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|Title:||Clinical psychologists' experiences of client non-attendance in Health Service practice : a conflict of responsibilities?|
|Presented at:||University of Leicester|
|Abstract:||Within psychotherapy process research, the effects of client non-attendance upon therapists has generally been neglected. The present study interviewed six qualified clinical psychologists concerning their experiences of client non-attendance in health service practice. Their accounts were analysed qualitatively using a grounded theory method. Based on the analysis, a core category was identified and termed Responsibility. This highlighted conflicting relationships between participants' responsibilities in several areas. These included participants' responsibilities to their employers, their clients and themselves. A process model pertaining to non-attendance was also developed. Client non-attendance was seen to produce a level of disruption, experienced by participants as an affective reaction. This reaction was often experienced in terms of negative affect. In response, re-organisational strategies were utilised to restore equilibrium. Reasons were suggested as to why negative affective reactions were often experienced. These included factors concerning therapeutic competency, but in a wider context also reflected upon the profession's espousal of an 'all-knowing' expert identity. This was seen to be incongruent to the complexities of clinical practice. The role of the re-organisational strategies were discussed and included strategies as a means of repairing therapeutic alliance breaches and as defences against anxiety. Implications in terms of clinical psychology training and the profession are discussed. A critical reflection on the study is also presented.|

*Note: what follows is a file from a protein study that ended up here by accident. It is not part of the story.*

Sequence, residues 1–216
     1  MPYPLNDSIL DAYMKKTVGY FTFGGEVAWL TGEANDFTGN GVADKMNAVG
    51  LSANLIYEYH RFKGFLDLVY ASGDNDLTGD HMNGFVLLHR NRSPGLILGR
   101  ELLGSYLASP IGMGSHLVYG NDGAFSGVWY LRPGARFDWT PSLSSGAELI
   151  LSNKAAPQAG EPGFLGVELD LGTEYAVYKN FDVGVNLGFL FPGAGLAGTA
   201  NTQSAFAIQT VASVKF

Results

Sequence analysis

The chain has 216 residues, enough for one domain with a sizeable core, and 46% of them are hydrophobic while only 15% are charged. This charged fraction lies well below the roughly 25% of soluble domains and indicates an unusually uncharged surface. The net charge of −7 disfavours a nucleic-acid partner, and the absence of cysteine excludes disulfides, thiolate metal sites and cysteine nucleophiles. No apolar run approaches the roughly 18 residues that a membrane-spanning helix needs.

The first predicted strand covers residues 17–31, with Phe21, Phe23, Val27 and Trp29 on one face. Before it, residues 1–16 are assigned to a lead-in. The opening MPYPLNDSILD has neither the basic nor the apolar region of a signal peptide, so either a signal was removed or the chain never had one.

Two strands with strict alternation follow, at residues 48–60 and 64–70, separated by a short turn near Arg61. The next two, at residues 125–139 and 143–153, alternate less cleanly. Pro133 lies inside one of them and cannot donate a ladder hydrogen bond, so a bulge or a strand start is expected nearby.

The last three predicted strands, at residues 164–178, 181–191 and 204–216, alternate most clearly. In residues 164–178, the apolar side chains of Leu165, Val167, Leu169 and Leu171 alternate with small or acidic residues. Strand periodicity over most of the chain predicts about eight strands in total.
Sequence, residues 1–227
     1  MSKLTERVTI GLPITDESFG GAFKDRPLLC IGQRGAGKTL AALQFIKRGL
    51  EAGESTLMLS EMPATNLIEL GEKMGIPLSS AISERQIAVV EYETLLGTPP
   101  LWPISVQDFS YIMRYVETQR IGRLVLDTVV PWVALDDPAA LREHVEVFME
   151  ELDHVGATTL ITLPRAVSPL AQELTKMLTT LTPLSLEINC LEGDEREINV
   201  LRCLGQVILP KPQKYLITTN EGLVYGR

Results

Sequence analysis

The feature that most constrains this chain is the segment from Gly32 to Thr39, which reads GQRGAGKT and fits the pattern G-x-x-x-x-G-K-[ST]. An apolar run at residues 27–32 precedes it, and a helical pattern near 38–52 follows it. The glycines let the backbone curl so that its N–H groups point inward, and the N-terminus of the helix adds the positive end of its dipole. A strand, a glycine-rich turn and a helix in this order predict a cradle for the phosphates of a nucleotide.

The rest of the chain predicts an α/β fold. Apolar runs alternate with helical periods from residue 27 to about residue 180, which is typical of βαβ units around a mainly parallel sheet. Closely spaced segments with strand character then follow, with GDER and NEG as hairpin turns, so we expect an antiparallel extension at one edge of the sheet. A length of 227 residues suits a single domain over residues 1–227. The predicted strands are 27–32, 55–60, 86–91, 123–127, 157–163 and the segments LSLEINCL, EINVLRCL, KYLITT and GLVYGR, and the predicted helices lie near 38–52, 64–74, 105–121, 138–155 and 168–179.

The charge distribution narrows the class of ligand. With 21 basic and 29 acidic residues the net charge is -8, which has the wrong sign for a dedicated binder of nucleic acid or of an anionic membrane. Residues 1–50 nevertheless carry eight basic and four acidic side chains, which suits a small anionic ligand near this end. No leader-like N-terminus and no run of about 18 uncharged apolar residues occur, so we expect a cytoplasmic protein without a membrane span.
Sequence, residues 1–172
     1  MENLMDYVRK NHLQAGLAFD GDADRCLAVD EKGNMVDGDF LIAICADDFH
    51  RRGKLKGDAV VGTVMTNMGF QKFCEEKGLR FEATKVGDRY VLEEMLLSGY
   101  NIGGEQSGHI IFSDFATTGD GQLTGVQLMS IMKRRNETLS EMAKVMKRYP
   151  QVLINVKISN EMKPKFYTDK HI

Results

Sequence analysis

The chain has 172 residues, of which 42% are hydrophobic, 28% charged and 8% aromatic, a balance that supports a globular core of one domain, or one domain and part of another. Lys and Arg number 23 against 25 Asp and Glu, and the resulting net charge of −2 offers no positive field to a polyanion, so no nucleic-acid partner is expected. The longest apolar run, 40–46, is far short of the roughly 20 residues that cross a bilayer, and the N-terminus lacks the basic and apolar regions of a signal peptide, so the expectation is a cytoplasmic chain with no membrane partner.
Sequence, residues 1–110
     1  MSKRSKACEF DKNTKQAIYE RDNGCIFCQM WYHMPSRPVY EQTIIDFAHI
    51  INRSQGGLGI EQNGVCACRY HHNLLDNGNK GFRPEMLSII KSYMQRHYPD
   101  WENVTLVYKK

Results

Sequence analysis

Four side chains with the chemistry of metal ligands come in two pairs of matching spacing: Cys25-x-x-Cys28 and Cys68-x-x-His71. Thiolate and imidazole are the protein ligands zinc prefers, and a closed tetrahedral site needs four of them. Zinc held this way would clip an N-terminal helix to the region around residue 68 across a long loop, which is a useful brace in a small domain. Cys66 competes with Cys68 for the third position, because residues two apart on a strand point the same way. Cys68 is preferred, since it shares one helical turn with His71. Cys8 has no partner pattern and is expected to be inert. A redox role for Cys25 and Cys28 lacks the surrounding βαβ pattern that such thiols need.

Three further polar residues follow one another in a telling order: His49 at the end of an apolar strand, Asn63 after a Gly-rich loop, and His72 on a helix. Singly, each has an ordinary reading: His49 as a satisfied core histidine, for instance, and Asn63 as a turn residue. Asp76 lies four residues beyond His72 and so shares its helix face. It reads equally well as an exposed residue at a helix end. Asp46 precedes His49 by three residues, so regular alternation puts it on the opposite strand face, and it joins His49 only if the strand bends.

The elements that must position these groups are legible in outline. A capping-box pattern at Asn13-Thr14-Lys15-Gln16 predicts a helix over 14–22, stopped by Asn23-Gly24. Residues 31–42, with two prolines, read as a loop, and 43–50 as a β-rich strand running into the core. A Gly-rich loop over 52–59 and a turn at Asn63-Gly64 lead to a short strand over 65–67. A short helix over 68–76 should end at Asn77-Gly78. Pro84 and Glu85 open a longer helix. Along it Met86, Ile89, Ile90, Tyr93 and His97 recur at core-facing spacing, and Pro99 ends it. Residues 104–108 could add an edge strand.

|Rights:||Copyright © the author. All rights reserved.|
|Appears in Collections:||Theses, School of Psychology|
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